A question came in recently from a True West reader about the premise of Alan Le May’s great novel, The Searchers, the story of a middle-aged Civil War Veteran who spends five years searching for his young niece, who was kidnapped by Comanche Indians.
She asked would someone like the character of Ethan really spend five years looking for his niece with the sole intention of finding and killing her? Did the settlers really feel that dying was a better alternative for a woman than to be living with an Indian tribe?
There was an old cliché that one should save their last bullet to shoot one’s wife or for the woman to take her own life before being captured as the life of a captive woman was a fate worse than death.
The Searchers is one of my all-time favorite films. The taking of captives of Anglo and Mexican women was quite common. If a child was young enough they could easily adapt to the culture. For example, Santiago McKinn, was captured by Geronimo in 1885 and
within a few months the youngster spoke the language and when Geronimo gave him up to the soldiers he resisted fiercely and had to be forcibly to returned to his family.
The Comanche were known to horribly mutilate their older female captives such as disfiguring their faces. Life was hell for older children and adults so it was common for them to go insane by the time they were freed or ransomed. And it was common for them to be gang raped. Older males were tortured and then killed.
The Council House Fight in San Antonio in 1840 relates the story of a proposed ransoming of captives. Sixteen-year-old Matilda Lockhart was the only one brought in and she had been horribly mutilated. Her appearance shocked the Texans who then opened fire on the Comanche chiefs, killing a dozen. Casualties were high on both sides in the fight that ensued. In retaliation the Comanche brutally tortured and killed other thirteen young female captives. The war between the Comanche and the Texans would last more
than thirty years.
The Searchers was written loosely around nine-year-old Cynthia Ann Parker who, on May 19, 1836, was taken and grew to an adult with the Quahadi group of the Comanche. She married and had two children, the oldest Quanah, later became their greatest leader.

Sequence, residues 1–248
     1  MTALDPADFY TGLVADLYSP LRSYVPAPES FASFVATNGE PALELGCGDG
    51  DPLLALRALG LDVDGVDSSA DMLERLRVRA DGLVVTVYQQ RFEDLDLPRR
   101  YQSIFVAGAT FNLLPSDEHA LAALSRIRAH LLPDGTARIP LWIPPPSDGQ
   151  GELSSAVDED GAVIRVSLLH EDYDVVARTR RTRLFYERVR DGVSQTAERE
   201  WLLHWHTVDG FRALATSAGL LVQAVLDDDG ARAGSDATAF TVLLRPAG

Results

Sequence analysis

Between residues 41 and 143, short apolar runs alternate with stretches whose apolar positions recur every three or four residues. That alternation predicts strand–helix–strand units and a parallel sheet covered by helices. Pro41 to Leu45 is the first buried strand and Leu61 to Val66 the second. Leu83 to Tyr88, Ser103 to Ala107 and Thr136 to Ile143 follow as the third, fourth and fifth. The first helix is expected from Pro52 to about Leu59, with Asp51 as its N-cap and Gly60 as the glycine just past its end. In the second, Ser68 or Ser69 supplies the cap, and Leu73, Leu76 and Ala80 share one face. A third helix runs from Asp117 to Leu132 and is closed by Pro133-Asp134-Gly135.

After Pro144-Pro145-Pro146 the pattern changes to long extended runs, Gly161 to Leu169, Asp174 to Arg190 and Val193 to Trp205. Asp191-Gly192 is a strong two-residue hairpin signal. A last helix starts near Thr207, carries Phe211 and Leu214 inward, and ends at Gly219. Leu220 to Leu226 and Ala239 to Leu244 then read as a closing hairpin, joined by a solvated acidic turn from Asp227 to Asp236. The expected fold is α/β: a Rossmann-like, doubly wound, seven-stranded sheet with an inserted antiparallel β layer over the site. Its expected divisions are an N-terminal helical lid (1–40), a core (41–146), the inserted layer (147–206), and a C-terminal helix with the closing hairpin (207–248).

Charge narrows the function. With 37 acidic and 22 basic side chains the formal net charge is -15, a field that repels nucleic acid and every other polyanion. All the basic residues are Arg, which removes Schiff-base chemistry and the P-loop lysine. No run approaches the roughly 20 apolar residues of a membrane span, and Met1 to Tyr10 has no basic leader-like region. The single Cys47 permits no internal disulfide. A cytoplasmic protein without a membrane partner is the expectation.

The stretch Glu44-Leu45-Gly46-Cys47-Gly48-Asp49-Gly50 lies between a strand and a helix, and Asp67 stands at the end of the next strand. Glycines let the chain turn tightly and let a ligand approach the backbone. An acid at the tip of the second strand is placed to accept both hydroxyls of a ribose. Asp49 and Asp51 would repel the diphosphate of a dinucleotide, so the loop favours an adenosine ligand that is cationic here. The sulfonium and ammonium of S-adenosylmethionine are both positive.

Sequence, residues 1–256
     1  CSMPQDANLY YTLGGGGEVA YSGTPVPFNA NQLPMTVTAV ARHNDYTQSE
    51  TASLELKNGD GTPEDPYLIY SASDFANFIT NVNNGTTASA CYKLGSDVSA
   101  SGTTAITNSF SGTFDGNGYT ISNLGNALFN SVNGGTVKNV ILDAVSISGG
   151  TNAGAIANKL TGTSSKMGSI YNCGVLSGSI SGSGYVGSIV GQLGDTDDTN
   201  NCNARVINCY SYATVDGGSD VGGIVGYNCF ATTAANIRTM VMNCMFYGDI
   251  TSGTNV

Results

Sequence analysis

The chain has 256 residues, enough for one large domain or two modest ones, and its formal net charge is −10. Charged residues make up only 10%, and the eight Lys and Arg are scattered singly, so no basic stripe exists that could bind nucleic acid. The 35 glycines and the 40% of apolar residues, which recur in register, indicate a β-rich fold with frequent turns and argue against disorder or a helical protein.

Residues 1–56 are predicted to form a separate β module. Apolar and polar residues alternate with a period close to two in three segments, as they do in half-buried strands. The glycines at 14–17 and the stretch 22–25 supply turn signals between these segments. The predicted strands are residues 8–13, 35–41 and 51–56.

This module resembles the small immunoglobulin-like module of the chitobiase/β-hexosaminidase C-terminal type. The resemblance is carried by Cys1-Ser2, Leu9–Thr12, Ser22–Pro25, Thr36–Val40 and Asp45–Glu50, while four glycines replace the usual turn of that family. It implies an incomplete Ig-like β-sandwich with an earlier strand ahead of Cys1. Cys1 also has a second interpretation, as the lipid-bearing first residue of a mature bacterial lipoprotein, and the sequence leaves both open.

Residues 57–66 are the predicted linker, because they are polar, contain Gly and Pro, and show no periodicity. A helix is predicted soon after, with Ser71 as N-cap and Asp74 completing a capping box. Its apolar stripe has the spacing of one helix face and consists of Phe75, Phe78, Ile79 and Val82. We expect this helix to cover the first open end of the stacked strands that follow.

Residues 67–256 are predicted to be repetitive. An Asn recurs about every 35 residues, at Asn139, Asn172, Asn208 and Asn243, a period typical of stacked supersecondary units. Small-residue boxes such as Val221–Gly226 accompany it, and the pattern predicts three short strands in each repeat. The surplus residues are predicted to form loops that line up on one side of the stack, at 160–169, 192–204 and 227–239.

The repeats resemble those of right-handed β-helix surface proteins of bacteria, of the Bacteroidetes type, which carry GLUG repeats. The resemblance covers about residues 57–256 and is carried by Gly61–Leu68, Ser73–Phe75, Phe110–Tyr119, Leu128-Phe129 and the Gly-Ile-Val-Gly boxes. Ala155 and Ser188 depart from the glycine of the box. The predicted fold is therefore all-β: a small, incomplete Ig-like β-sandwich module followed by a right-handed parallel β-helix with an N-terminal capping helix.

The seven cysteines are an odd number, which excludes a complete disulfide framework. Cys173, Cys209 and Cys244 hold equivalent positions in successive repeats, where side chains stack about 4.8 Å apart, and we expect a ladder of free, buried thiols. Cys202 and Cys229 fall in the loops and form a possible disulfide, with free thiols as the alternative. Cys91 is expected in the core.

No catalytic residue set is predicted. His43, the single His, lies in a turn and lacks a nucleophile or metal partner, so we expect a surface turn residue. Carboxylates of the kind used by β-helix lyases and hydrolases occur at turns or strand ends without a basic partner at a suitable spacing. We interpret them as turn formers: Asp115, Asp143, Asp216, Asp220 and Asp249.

She was eventually rescued and was welcomed back but never adjusted to life living with white people. Others taken as children adapted to the harsh life, grew up, married and lived their lives as a Comanche.
Another fascinating captive story was about a black man, Britt Johnson, whose wife was taken in a raid in 1864. For months he rode deep into Comancheria searching for her. It might have been his dark skin or his incredible courage that saved him from the Comanche but eventually he made friends with some of them and eventually was able to ransom her back.
The taking of women and children as slaves or for ransom was common and there are scholarly works on that. My favorite is Lynn Bailey’s Indian Slave Trade in the Southwest.
For further reading on the Comanche I recommend, Wallace and Hoebel’s Comanche: Lords of the South Plains, T. R. Fahrenbach’s Comanches: The History of a People and S.C. Gwynne’s 2010 book, Empire of the Summer Moon: Quanah Parker and the Rise and Fall of
the Comanches, the Most Powerful Indian Tribe in American History.
As warriors, there were none better than these “Cossacks of the Plains.” They have been called the greatest light cavalry in history. American officers on the frontier wrote admirably about them but also wrote that in battle they were brutal, asking no quarter and giving none.
And, yes there were people like Ethan Edwards. Remember though, The Searchers is a fictional story. I’m not aware of any man who searched for a missing relative then killed her but then, neither did Ethan.
Marshall Trimble is Arizona’s official historian and vice president of the Wild West History Association. His latest book is Arizona Outlaws and Lawmen; The History Press, 2015. If you have a question, write: Ask the Marshall, P.O. Box 8008, Cave Creek, AZ 85327 or email him at email@example.com.